The blame game rarely leads to solutions.
The ARF (annual retention fee) hike shows that the GDC (General Dental Council) has not addressed the root causes of the multiple issues it faces. The issues will only go away if value is created for both the public and the profession. We are interested in keeping our registration and indemnity fees as low as possible, the regulator has a duty to protect the public. The GDC and the profession has taken a position and the only way to resolve this will be for both parties to sit at the table and to express their underlying interests.
The GDC tells us that it cannot cope with the deluge of complaints about registrants, yet it went out to invite more with the Daily Telegraph ad, with a call to the public to get in touch if 'not completely satisfied'! That feels akin to drilling a bigger hole in your sinking cruise liner and making a deliberate decision to take your entire crew down with you (ie the profession) instead of finding a temporary plug whilst figuring out how to get everyone, including the guests (the public), home and dry safely.
We, on the other hand, are telling the GDC that it is 'unfair' to pass its spiralling costs to us in the profession, and ludicrous to destroy the very trust that the public need to have in us for them to visit the dentist. We are complaining about the growing hole in the ship, but we need to find a way to plug it fast.
This is all supposedly about spiralling costs and I could go into the GDCs rents etc, but that would be playing the blame game. I tend to prefer to look for solutions. The GDC has a duty to weed out poor practice, but there should be a whole series of roadblocks before a complaint actually escalates to the GDC. If there was nothing to complain about there would be no fitness to practice panels, now there's a nice thought. It would appear that its early resolution system is not effective – perhaps we should explore new ways to put these roadblocks in ourselves as a profession.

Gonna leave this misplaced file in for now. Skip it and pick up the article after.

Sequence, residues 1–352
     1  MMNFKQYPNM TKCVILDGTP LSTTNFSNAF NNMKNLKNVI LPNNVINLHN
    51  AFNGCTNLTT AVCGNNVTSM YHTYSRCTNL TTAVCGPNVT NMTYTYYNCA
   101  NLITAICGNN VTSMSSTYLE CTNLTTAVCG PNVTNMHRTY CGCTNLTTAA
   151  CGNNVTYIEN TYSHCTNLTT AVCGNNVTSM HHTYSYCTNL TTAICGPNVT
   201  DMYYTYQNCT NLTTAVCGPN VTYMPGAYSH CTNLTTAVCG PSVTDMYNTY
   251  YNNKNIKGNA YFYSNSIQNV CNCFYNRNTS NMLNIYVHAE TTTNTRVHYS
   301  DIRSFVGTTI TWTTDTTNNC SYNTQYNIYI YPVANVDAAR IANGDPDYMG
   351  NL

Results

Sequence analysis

- Can we counter the negative press we get from the Daily Mail and now the GDC by putting out our own positive press out to the public to gain their trust?
- Can we show the public that we care by actively getting out into our local communities and 'co-creating' dental services of the future?
- Can we take a stand against NHS payment mechanisms shaping the underlying culture in dentistry, or is this impossible because it needs an unachievable number of dental professionals engaged to reach a tipping point?
- Can we supply robust financial data to address the elephant in the room – the £24 UDA (units of dental activity), which has the potential to drive undesirable behaviours from a viability/profitability standpoint, for those who do not have the bandwidth or skills to subsidise their NHS provision through private care provision?
- Could we improve access to mentoring schemes within the profession, to help those who are gaming, struggling or providing poor quality work to step up their skills and their confidence around providing better care? Heart Your Smile offers a mentoring service that anyone can participate in
- Can we get more representation from the profession on the board at the GDC in order to help it see that it would be far more cost-effective to resolve everyone’s underlying interests within the context of their rights and the power they wield?
I don’t think one person has the answers, but I do think we need to keep asking questions and working on innovative solutions collectively. The profession and the GDC need to sit at the table, identify the root cause, and design effective risk management and support strategies by engaging peer pressure and wider mechanisms for support in order to dilute the more punitive approaches currently taken.
Above all, the GDC and the profession should unite to refocus all efforts on restoring and promoting trust in the profession, if it is to protect the public’s interest. This gives patients access to oral healthcare and holistic healthcare advice. This is why I joined the board at Heart Your Smile. If we cannot rely on others to promote the value we bring as a profession, we have to do it ourselves.
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